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Fourth Dimension

Fourth Dimension

Artwork for Somewhere Our City by Chris Nixon, installed as part of the Perth International Arts Festival.

With events such as Vivid Sydney lighting up city streets, and digital mega-murals like the Horn of Plenty turning heads in Rotterdam, technology-infused art is clearly enjoying a rapid rise across the world. And Perth is keeping up. Just look at Re+Public’s black-and-white poster, pasted on a wall in Wolf Lane for FORM’s PUBLIC art campaign.

To the naked eye, it appears as a woman sitting on a stack of computer monitors, but thanks to a downloadable app, it turns into a digitally enhanced, animated image – the woman moves, the disc around her starts to spin, and all of the computer screens simultaneously activate in bursts of colour.

“We create murals which come to life when you interact with them using an Augmented Reality (AR) application we have developed,” Re+Public artist and co-creator Jordan Seiler explains, “turning a 2D static image into a 3D moving and interactive experience.”

Re+Public’s interactive poster in Wolf Lane.

 

AR technology allows you to view interactive videos that digitally alter the environment around you. Those images do not necessarily have a ‘real’ physical presence, existing only when activated by a device like a smartphone or tablet.
“AR has the ability to be interactive and participatory in a way that common public art like sculpture and murals cannot, by allowing users to help create the content they see through their own participation,” says Jordan. He and his team are among the first to blend this technology with artwork, putting up posters that can be enhanced with the tap of a screen in New York and Brussels, and on bus shelters and walls along Murray Street and Wolf Lane.

A number of WA creatives, too, are using digital technology to produce new visual experiences. Chris Nixon’s latest collaborative work, Somewhere Our City, was installed at the Perth International Arts Festival earlier this year: children would colour in templates, insert them into a box and watch them reappear as a digital animation before their eyes.

“I think the fact that you have no idea how it’s made or works can be a really powerful experience,” Chris says. “I love the idea we can create an illusion of magic with our work. If we can make an adult feel like a kid again and play – that’s the dream.”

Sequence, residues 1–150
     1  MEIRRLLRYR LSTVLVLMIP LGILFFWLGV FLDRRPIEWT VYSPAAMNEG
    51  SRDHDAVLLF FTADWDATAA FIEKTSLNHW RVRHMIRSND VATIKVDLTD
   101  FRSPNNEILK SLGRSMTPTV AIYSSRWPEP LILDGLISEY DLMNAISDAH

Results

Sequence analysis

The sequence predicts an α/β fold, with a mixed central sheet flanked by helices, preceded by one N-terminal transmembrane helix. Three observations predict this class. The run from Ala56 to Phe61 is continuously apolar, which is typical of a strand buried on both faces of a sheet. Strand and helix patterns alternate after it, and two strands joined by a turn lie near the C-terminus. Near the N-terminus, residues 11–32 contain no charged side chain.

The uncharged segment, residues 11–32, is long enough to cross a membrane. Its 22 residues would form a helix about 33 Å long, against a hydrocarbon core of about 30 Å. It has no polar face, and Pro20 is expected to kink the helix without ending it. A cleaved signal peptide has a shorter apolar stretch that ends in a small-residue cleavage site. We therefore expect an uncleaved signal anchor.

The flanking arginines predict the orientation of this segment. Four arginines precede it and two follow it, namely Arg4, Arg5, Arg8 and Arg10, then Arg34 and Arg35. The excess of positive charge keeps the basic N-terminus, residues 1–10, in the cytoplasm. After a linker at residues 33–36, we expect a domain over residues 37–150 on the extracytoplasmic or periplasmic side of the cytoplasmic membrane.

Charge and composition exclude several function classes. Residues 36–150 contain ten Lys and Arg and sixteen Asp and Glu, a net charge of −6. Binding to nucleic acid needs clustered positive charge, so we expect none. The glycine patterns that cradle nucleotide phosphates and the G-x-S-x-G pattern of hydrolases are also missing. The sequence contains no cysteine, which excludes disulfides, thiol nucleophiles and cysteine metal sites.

Concepts for Moon Calendar by Abdul-Rahman Abdullah, and Rebuilt Ruin by Joshua Cobb-Diamond (above), both part of the Subiaco
pARk exhibition.

Chris says immersive platforms such as AR merge physical and digital spaces, allowing people to connect to public art in more accessible ways. “We’re all hungry for exciting and engaging content, and I love the idea that you can experience a story or a piece of content across multiple platforms. I think we’ll see a lot more immersive and interactive installations using technology, as the barriers to expensive technology lower and public awareness increases.”

Gemma Weston, who curated Australia’s first Augmented Reality art exhibition – Subiaco pARk – as part of the 2015 Perth International Arts Festival, agrees.

“There used to be this attitude around new media where it was framed as being the successor to traditional mediums, and was portrayed in a very futuristic sci-fi way, but that attitude has really shifted,” she says. “Now there seems to be a much greater understanding and interest in how different mediums interact and co-exist, perhaps because they do so so regularly in our daily lives already.”

However, Gemma realises AR and technology-infused art is still quite niche. “I think perhaps because making it is very specialist, and it has certain viewing limitations based on the hardware and software used to view it. There are a lot of variables, like which operating system you’re using – Apple, Android or Windows – and the size and capability of your device.” 

And then there’s the issue of accessibility, Jordan says. “Technology-infused art is only accessible to those with the necessary technology to view it. There is a real barrier to entry, but we believe that the ubiquity of smart devices and other wearable technology will continue to make this type of work more accessible at a rapid pace.

“As these devices we keep in our pockets and hold in our hands migrate to other parts of our bodies and become wearable tech, we see AR becoming much easier to experience, and so much more prevalent in art.” 

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